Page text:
11. It was held in Vaman Janardan Joshi v. The Collector of Thana and the Conservator of Forests (1869) 6 B.H.C.. that in construing grants by former Governments, the rule of English law as to the construction of grants to a subject by the Crown is the correct rule to be applied by the Courts in India.
12. That being so, the question is whether it can be said that the plaintiff's ancestor had been expressly granted absolute proprietary rights in the flowing waters of the river passing by the side of the village. In my opinion, there is no doubt that under no construction, either express or implied, of the terms of the sanad can it be said that any such right has been granted to the inamdar.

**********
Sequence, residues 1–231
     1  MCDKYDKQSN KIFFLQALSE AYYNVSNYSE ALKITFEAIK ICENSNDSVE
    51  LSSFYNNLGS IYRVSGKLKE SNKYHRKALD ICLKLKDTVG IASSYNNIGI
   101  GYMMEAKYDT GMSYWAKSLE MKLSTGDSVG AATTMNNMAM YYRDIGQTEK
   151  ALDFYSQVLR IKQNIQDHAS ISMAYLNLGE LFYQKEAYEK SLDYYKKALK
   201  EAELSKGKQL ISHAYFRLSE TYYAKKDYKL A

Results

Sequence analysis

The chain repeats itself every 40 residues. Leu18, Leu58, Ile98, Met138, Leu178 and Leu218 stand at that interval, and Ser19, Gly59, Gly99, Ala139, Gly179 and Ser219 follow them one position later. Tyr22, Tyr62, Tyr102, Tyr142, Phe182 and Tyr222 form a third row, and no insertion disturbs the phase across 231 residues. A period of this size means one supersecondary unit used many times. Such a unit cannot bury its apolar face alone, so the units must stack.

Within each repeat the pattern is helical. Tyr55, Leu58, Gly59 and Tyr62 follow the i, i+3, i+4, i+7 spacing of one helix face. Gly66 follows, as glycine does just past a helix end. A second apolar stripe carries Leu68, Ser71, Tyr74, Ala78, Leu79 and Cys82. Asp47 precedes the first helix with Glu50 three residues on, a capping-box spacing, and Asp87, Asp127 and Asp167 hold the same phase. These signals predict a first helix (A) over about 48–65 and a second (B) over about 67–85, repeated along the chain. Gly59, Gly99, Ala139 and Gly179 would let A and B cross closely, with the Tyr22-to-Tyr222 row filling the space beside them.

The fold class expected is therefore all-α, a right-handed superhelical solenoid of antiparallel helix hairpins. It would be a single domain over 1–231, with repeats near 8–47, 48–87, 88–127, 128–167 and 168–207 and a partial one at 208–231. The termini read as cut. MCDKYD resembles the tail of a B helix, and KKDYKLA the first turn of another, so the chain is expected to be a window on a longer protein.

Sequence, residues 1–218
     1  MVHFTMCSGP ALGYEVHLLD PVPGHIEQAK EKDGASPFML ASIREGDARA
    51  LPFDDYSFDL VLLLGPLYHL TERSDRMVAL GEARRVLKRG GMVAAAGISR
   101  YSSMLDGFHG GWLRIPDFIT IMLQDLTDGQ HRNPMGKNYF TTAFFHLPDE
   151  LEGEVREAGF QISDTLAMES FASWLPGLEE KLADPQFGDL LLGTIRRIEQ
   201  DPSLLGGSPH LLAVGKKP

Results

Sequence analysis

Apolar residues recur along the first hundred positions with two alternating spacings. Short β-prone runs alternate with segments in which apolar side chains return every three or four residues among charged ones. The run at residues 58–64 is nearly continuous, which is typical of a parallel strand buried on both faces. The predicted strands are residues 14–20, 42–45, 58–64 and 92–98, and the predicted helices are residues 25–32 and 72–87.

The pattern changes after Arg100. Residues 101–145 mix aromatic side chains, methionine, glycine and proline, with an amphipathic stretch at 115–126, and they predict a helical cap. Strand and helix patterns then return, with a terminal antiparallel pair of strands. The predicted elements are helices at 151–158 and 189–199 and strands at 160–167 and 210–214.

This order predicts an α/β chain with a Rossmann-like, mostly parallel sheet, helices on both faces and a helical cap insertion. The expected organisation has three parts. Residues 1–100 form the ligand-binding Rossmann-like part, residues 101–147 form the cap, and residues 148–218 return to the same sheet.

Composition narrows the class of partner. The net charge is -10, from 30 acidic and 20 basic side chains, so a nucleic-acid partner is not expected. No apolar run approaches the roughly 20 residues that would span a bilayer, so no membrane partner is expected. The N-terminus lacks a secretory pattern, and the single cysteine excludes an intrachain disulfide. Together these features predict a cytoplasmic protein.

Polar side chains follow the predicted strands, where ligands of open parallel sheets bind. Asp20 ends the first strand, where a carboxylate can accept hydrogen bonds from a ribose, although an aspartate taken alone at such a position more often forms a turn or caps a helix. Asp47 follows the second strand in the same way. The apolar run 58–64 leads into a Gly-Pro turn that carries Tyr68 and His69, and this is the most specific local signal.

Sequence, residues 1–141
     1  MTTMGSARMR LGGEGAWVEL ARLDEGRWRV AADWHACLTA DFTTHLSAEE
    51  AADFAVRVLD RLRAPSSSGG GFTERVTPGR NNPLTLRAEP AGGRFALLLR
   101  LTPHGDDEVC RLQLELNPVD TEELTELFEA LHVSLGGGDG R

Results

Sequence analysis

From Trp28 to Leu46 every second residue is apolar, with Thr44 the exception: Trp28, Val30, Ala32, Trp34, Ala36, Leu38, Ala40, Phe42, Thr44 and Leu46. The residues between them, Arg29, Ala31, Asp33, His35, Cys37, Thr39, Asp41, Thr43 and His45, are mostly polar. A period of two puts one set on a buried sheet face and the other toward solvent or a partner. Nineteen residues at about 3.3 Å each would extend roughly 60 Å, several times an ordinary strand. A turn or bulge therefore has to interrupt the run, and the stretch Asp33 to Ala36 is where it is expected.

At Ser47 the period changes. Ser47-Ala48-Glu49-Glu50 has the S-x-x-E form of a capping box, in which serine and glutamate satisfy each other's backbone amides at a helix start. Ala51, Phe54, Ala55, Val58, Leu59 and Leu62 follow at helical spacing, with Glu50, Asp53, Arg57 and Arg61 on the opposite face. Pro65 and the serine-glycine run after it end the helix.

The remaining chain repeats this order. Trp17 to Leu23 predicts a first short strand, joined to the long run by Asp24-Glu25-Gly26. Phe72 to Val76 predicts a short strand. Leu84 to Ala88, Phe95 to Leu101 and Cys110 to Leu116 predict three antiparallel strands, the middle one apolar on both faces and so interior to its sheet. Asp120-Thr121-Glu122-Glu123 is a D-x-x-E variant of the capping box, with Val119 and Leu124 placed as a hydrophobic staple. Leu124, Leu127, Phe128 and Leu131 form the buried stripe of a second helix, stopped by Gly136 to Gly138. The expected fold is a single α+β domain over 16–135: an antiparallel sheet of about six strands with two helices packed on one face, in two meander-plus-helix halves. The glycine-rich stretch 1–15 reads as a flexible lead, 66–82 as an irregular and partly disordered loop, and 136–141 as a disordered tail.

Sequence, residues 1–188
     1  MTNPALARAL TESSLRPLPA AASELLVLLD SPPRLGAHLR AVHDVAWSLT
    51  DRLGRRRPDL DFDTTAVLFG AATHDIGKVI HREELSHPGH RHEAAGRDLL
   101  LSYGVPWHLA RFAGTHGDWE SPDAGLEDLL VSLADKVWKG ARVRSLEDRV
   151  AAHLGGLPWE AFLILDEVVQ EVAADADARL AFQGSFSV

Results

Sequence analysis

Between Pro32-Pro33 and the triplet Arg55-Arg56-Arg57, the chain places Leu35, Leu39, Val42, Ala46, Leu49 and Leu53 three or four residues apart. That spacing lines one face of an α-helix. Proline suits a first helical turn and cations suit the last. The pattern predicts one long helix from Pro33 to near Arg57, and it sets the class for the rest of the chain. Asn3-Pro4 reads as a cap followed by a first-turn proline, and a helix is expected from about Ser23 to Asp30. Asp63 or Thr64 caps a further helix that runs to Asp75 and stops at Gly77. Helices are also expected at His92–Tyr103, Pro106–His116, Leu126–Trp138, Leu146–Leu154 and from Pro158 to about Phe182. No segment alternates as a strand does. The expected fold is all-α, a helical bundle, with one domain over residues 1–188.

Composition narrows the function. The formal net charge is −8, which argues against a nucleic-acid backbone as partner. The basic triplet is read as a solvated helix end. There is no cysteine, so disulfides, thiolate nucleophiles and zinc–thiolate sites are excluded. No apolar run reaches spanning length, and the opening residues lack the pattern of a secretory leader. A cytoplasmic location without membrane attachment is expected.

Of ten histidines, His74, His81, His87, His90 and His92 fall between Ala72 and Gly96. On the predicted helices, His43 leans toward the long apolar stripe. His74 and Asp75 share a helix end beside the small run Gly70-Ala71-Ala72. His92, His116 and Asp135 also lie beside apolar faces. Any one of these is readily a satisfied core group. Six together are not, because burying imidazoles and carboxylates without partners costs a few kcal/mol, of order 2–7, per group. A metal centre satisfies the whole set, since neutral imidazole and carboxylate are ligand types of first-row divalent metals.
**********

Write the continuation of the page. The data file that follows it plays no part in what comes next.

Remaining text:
13. Mr. Coyajee relied on Section 37 of the Land Revenue Code and contended that standing and flowing water is also included among the properties which may be vested in an individual or aggregate of individuals. That no doubt is so. Even rivers, streams, nallas, lakes, tanks, etc. can conceivably be of the private ownership of individuals, but it is expressly stated in that section that it is for the individual to prove that it has so become his property. So long as it is not proved that the running water of the river by the side of this village had become of the ownership of the inamdar, it must be taken that it continues to foe the property of the Government. I have no doubt that the Peshwa Government did not intend to confer absolute proprietary rights in the flowing waters of the river on the inamdars, because the water of the river was to be used not simply by the inamdars of this village but by all persons in the villages which are situated either on or near the banks of the river. It is for that reason that this right is regarded in the nature of an easement unless there is an express proprietary grant of the same. All that can be said, therefore, is that by virtue of the sanadl the plaintiff's ancestor became the grantee of the village, and incidentally under the law of half of the river bed adjoining the village, and in that capacity entitled to the reasonable use of the flowing water in the river. The inamdar cannot claim that the water rate levied by the Government belongs to him and not the Government. It is not the plaintiff's case that as the whole of the village including the river-bed and the running water has been granted to her, she alone is entitled to levy any water rate which she likes from the persons occupying her land. That would have been a logical argument on her contention that the proprietary right to the river-bed and the water running on it had vested in her. She concedes, and has got to concede on account of the result of the previous litigation, that the Government has the right to impose any rate which it thinks proper for the use of the water including water running on her own river bed. That concession itself demolishes her case of ownership of water. In my opinion the inamdar's right cannot be higher than the right of a riparian owner to the reasonable use of water. That being so, no other question survives, and it must be held that the water rate levied by the Government belongs absolutely to the Government and not to the plaintiff.